The proliferation of websites, blogs and tweets is re-shaping the practice of history at large. This is a good place to reflect on the significance of these not-so-new electronic media for the ways in which people relate to the past.

We need a forum where we can pool our experience of the creative potential of new media to realise History Workshop’s original ambitions – for the sharing of historical knowledge – in a new time; and where we might temper the excitement of the new with some critical (and appreciative) reflection.

Blogging is now a routine feature of both academic life and political activism in many parts of the world: while many bloggers argue that it has an innately radical potential, highlighting values of sharing and transparency, it is clear that blogs come in a wide variety of forms.

In the University world, for example, there is increasing support for the use of blogging as an adjunct to conventional funded research projects, especially postgraduate research: hence the new History Blogging Project. Looking elsewhere, in the heritage sector for example, blogging has become a routine part of public engagement. The Science Museum’s Stories from the Stores provides a good example.

One of the features of many research blogs is that, over time, they can become useful sources of information as well as opinion and debate: guides to some of the pressing issues in a field, as well as places where key resources may be highlighted. One of my personal favourites is Michael Robinson’s Time to Eat the Dogs, a consistently interesting blog on science, history and exploration.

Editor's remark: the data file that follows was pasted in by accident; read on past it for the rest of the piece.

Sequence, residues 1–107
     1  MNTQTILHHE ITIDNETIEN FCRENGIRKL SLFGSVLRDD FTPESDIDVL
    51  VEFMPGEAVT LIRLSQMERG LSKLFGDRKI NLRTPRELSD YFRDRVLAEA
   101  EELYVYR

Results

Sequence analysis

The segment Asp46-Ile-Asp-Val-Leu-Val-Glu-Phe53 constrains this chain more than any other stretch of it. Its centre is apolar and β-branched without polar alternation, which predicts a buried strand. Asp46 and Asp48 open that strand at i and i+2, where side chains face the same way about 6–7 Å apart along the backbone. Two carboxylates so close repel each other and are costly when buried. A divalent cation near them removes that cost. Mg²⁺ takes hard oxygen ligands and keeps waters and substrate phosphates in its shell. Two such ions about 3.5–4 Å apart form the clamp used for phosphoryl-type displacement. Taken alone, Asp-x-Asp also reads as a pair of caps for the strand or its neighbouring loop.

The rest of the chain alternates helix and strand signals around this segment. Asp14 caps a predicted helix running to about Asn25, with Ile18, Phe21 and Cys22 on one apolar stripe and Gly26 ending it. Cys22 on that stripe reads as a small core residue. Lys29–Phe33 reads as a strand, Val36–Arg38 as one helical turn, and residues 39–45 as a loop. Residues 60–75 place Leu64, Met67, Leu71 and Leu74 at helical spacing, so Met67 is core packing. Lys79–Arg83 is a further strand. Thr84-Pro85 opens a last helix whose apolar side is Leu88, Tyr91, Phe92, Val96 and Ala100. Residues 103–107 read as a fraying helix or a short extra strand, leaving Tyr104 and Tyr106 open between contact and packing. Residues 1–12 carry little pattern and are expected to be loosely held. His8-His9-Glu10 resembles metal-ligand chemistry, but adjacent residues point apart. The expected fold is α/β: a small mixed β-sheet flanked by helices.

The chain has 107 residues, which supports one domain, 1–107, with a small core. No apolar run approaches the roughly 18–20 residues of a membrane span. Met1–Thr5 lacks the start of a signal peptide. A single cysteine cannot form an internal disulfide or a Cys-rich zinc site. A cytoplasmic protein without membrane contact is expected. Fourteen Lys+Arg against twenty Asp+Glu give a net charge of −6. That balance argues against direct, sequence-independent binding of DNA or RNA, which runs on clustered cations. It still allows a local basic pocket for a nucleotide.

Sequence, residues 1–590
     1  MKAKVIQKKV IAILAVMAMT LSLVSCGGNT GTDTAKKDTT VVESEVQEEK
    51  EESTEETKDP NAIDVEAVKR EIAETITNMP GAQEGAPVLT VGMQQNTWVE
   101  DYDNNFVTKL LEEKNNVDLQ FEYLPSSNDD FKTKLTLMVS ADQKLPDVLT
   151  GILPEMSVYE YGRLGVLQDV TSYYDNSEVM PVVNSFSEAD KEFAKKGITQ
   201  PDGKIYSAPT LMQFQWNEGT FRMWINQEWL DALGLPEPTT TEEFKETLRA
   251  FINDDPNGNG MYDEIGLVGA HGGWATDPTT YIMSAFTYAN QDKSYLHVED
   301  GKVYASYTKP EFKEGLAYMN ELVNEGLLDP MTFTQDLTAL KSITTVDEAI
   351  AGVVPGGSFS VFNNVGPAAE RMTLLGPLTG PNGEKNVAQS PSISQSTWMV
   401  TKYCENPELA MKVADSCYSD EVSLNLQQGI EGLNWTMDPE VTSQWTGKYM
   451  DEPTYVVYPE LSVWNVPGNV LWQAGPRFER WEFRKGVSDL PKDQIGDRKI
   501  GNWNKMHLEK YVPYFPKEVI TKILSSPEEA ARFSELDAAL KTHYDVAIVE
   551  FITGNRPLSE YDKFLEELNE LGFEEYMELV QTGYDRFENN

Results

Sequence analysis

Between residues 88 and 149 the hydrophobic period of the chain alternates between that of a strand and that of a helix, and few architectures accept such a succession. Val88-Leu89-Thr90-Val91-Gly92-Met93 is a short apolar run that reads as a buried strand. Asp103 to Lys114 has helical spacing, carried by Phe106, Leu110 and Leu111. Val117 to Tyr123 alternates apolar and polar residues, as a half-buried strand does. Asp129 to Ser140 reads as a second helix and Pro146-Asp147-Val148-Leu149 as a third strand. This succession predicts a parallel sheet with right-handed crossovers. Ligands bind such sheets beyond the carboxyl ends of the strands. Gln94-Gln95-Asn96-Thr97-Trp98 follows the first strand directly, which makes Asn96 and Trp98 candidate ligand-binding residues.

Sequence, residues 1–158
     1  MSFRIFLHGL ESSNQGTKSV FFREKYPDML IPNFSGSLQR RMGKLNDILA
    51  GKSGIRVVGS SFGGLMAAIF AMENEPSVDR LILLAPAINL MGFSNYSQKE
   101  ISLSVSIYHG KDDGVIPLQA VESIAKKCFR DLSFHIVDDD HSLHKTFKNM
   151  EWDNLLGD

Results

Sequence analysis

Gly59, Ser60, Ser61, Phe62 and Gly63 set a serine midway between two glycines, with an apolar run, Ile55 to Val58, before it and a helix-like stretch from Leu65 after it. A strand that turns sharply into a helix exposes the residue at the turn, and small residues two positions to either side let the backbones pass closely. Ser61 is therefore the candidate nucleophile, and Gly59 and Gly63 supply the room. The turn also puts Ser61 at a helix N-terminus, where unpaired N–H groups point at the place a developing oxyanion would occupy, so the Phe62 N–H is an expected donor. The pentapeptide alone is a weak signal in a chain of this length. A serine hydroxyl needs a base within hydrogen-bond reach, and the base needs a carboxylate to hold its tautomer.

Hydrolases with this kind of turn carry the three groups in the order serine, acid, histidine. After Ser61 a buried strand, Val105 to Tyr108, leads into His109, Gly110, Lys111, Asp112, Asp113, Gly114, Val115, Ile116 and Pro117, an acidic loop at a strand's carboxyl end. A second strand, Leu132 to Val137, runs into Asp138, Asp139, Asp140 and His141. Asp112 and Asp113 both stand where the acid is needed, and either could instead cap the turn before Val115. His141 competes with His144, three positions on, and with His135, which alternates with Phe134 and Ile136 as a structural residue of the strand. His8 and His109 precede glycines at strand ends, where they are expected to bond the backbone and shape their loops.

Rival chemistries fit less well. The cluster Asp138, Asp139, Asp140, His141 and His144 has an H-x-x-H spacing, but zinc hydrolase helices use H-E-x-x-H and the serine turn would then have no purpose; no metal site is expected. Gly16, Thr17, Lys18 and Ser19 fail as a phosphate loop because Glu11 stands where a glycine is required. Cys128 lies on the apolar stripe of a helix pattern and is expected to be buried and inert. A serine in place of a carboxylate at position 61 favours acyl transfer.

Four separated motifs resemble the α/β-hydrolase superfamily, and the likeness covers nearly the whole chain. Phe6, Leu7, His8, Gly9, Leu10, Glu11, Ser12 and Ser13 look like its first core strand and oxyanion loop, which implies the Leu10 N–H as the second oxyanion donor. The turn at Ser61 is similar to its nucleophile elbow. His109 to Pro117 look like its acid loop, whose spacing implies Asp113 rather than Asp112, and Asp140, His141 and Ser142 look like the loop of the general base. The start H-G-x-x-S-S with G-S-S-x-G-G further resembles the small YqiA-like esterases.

Here are a couple of other examples of blogs, both concerned with urban history and memory:

Paul Dobraszczyk’s RagPicking History site (a blog on ‘unearthing hidden places and pasts’) is devoted to reflections on the ghostly presence of the past in the hidden spaces of the modern city

Bradley Garrett’s exuberant Place Hacking blog celebrates the contemporary phenomenon of ‘urban exploration’, linking adventurous expeditions undertaken by enthusiasts to ideas about the activation of urban memory.

In their concerns with memory, place and the built environment, and with ‘unofficial’ knowledge, these last two blogs have some affinities to the writings of historians like Raphael Samuel: in their form, they exploit the visual potential of the medium, and also extend the possibilities for a more participatory kind of history-making. They have also been consciously designed as partners – alter egos? –  to more conventional academic projects. Clearly blogging is not the same as writing an academic paper. But these blogs work as notes and drafts – as open scrap-books – the crucial point being that they are shared and (hopefully) discussed much more widely.

More iconoclastic souls may prefer blogs which are not tied explicitly to scholarly research. For example, How to be a Retronaut? (strapline: ever feeling you’re living in the wrong time?), a kind of visual time-machine designed to entertain: history as playground. It contains some striking archival film and photographs – usually without much context, or rather the context is created (or not) by the extensive comments these images and clips provoke. Not to everyone’s taste perhaps, but this is history in conversation – not a free space, or even an electronic coffee house, but a busy space of encounter and exchange.

I am sure readers will have their own favourites – it would be good to hear about them.





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